6. Host an awareness-raising event to watch and discuss films about human trafficking. For example, learn how modern slavery exists today; watch an investigative documentary about sex trafficking; or discover how human trafficking can affect global food supply chains. Also, check out CNN’s Freedom Project for more stories on the different forms of human trafficking around the world.

  7. Organize a fundraiser and donate the proceeds to an anti-trafficking organization.

  8. Encourage your local schools to partner with students and include modern slavery in their curricula. As a parent, educator, or school administrator, be aware of how traffickers target school-aged children.

  9. Be well-informed. Set up a web alert to receive current human trafficking news. Become familiar with public awareness materials available from the Department of Health and Human Services or the Department of Homeland Security.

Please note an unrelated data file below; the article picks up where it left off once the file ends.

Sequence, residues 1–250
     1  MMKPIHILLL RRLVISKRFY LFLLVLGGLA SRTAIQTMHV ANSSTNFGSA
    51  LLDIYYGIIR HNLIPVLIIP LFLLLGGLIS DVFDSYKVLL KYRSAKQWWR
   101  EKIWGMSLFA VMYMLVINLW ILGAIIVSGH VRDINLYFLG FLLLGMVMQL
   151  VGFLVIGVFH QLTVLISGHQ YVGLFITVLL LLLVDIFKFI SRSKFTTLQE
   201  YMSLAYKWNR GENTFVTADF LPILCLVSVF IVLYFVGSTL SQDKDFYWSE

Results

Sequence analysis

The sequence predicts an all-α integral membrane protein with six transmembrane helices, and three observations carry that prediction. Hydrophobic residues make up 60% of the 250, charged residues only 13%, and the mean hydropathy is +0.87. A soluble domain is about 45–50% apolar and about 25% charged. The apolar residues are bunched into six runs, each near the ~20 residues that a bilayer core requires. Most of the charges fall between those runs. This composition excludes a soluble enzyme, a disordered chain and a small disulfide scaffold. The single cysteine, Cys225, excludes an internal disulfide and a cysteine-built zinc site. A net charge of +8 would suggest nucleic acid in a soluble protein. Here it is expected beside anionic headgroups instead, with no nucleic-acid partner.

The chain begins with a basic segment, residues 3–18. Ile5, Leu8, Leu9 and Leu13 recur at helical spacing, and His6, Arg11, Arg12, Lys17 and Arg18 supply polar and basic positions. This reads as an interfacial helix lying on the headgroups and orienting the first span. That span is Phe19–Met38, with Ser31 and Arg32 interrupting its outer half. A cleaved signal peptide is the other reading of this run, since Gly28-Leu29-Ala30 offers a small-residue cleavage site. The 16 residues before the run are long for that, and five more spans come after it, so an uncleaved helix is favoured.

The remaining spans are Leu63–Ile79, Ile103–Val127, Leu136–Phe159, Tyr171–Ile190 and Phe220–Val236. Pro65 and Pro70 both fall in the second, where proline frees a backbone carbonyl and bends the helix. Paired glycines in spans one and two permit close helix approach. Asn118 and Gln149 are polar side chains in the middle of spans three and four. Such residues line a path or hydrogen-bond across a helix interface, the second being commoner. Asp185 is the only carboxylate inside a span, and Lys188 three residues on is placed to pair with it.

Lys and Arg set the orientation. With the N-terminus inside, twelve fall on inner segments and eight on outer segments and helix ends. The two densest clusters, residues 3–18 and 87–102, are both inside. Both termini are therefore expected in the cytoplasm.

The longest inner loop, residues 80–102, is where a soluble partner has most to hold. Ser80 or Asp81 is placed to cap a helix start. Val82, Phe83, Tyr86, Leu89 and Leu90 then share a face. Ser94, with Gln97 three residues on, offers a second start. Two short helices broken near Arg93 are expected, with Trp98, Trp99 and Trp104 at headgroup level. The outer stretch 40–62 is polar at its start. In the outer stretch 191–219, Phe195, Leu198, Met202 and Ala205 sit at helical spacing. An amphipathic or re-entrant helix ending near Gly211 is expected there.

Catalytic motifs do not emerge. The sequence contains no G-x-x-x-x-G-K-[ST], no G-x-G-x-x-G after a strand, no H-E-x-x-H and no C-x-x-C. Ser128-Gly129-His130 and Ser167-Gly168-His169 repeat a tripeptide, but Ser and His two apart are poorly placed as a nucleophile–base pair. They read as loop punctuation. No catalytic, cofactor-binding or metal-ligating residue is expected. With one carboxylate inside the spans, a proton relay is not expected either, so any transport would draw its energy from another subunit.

10. Work with a local religious community or congregation to help stop trafficking by supporting a victim service provider or spreading awareness of human trafficking.

  11. Businesses: Provide jobs, internships, skills training, and other opportunities to trafficking survivors.

  12. Students: Take action on your campus. Join or establish a university club to raise awareness about human trafficking and initiate action throughout your local community. Consider doing one of your research papers on a topic concerning human trafficking. Request that human trafficking be included in university curricula.

  13. Health Care Providers: Learn how to identify the indicators of human trafficking and assist victims. With assistance from anti-trafficking organizations, extend low-cost or free services to human trafficking victims.

  14. Journalists: The media plays an enormous role in shaping perceptions and guiding the public conversation about human trafficking. Here are some media best practices on how to effectively and responsibly report stories on human trafficking.

  15. Attorneys: Offer human trafficking victims legal services, including support for those seeking benefits or special immigration status. Resources are available for attorneys representing victims of human trafficking.



Guido Weiss

- Democrat for Congress - 

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Guido Weiss for Congress

11924 Forest Hill Blvd 

Ste 10A-220

Wellington, FL 33414

(561) 320-2441